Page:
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Neil Young: "There'll Never Be Another Crazy Horse"

December 4, 2008 4:09 PM ET

This past October Neil Young sat down with Rolling Stone to discuss his Linc Volt Project and his future music plans, including his new Crazy Horse album Toast, his world tour and his endlessly delayed box set. Since our conversation we've learned that the planned January 27th release date is a "non-starter for certain" and it will be out "perhaps March or April." We'll believe it when we see it, but here is the music portion of the Q&A.

On this tour you've played a few songs like "Time Fades Away" that you haven't touched in decades. What drew you back to that material?
Well, basically I do it out of just interest in what this band can do. I have so many songs, and now with this band I can play just about anything. As you'll see in the show we're equally at home with "Love and Only Love" or "Out of the Blue, Into the Black" and then "Old Man" and "Heart of Gold." All my other bands were always one thing or the other. Some people may look at Crazy horse and go, "That was the greatest thing that ever happened, Crazy Horse. There'll never be another Crazy Horse." And they're right. There'll never be another Crazy Horse, but I won't be another Crazy Horse either. I'm not going to be. I don't want to be. I've done that, you know. What I'm feeling good about is that I have a band now that I can play anything with, but even more important, I can play anything I want to that's new. I'm not limited to what kind of new music I can make. There's no limit.

What's the status of your next album, Toast?
Toast is done. It's amazing listening experience. It was recorded in 5.1. It's a mind blowing record, and I don't think it's a commercial record, but it's great rock and roll, very moody, kind of jazzy. It was recorded in the same place where Coltrane was recorded, so there's a lot of heavy stuff in there. All of the live ambiance for everything was all recorded, so the whole thing has got a massive sound about it. I want to have a premier of it that's in a large art gallery with speakers in all four corners of the room, and huge speakers and really spend some time on the acoustics of the room, so you could have two or three hundred people in there that are in the middle of the sweet spot listening to this thing all around. So you came to a real listening experience that you wouldn't be able to get in any other location than right there.

So it was cut with Crazy Horse like seven years ago, but then you stopped the sessions? Why stop it then, but why revive it now?
Well I didn't do anything new. What we did is the same engineer that worked with me on it came back and he did the mixes with me, and then we unfolded them into 5:1 and it's just insane.

It's a different sounding record that you're usual Crazy Horse albums?
Completely. It's as different as "Tonight's the Night" and "Everybody Knows This is Nowhere" are from one another.

Can you tell me more about the sound of Toast?
It's really dark. It's got everything that the best Crazy Horse albums have had. It won't be the most commercial Crazy Horse album ever out, and I don't know much about that anymore, because the model for that has changed, and time has changed.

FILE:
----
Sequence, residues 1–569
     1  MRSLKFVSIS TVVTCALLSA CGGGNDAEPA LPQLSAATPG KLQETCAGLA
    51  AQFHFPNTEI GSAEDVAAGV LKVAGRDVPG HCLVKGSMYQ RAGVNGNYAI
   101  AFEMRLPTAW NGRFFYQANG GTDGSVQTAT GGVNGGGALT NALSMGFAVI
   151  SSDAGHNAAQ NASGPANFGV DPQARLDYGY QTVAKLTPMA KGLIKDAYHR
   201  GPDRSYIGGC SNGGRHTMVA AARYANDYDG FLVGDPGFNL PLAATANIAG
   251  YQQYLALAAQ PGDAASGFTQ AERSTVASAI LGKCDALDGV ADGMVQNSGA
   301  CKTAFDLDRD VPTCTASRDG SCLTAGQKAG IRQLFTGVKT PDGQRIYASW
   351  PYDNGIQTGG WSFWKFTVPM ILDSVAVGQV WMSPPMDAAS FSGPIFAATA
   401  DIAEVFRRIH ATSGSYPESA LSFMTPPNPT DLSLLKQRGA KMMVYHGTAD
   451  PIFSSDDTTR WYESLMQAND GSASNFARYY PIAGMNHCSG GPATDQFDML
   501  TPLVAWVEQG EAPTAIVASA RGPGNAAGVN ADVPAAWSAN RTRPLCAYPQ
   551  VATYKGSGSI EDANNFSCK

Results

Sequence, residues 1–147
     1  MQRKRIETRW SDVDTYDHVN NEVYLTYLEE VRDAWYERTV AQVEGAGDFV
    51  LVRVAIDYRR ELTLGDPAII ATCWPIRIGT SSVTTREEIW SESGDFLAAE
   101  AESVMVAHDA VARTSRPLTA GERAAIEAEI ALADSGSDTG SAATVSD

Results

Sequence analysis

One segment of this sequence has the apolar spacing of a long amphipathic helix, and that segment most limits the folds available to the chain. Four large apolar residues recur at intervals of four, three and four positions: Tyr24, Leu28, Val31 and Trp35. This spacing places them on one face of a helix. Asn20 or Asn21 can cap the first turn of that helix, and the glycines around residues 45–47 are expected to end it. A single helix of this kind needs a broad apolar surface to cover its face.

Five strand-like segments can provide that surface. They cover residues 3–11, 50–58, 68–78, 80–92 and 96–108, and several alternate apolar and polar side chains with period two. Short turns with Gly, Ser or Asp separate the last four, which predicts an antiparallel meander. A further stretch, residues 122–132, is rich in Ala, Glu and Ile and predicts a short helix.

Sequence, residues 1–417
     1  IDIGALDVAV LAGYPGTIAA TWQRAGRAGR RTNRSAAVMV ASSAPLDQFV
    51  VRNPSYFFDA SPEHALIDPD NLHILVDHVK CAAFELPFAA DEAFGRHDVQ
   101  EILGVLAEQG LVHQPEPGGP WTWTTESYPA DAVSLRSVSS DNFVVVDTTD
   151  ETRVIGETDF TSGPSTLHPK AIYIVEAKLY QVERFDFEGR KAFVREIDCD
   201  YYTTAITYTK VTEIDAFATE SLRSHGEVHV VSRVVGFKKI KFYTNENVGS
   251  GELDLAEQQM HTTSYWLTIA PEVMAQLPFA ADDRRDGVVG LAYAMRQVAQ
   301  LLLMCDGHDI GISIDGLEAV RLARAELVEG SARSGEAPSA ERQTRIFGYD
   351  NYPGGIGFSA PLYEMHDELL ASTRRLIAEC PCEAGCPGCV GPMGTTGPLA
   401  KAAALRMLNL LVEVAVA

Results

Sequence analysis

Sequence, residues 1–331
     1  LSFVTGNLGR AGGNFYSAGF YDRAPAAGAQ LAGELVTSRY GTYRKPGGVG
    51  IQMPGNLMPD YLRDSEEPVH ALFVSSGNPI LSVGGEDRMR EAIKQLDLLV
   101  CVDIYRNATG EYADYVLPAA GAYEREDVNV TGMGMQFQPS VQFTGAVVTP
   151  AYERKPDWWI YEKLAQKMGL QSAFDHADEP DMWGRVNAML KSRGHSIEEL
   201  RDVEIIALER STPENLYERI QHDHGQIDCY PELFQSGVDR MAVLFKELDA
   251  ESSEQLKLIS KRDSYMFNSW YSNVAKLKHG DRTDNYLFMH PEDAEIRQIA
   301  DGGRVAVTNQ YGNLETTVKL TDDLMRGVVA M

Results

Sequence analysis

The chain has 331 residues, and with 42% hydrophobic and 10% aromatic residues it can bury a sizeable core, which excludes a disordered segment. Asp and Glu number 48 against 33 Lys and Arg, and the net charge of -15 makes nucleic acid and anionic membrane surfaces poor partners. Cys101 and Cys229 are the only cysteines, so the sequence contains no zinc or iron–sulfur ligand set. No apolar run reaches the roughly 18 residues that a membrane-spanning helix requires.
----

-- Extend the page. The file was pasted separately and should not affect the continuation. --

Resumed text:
So why 7 years later? Why did you not put it out back when you cut it?
I didn't like it when I first made it. I went on and I did Are You Passionate?, and some of the songs that are on Are You Passionate? are on Toast.

Will you tour again with Crazy Horse?<
Maybe.

Do you want to? Is it something that still intrigues you right now?
I'm not thinking about that right now. We'll just see what happens. Something might happen. You never know. Or something else we don't even know about could happen, and that would be really good, rather than go back. But if the vibe's right to go back and grab what's back there and yank it into the future, that's a big job.

So the box set has been pushed back to next year?
Yeah.

Why?
We had some technical problems with it in the end, and the amount of time that we had to work it out was not enough. I wanted it to have a mode where you didn't have to watch it, where you could just listen to it, and there'd be like a screen saver thing up there. As simple as that seems, that was one of the areas where we were not complete. But it's a huge job, and there's a lot of stuff.

Is it going to be just BluRay, or BlueRay and DVD?
It's gonna be BluRay, DVD, CD. It'll be on iTunes. It'll be everything. But it's not coming out until the BluRay comes out, because the BluRay is the cutting edge. The BluRay is the best quality, and that's where it's gonna start. We don't want to put out the lesser stuff first and then everybody go, "Well I know what this is. We're not gonna get the BluRay." We're gonna force feed them the BluRay.

So you think early next year for it?
I think so. I thought it was gonna be late this year, but it didn't work out. It's old, so it doesn't really matter when it comes out.

Tell me about the Sugar Mountain CD.
That's one of my very first solo shows with acoustic versions of a lot of the songs on my first album, and some of the Buffalo Springfield songs. It's an interesting little record. It's very pure.

Related Stories:
Neil Young Opens the Vaults
Cover Story: Neil Young, The Open Man
Cover Story: Forever Young
The Rolling Stone Interview: Neil Young
Neil Young: The Last American Hero
Cover Story: Cameron Crowe on Neil Young
Q&A: Neil Young (1970)

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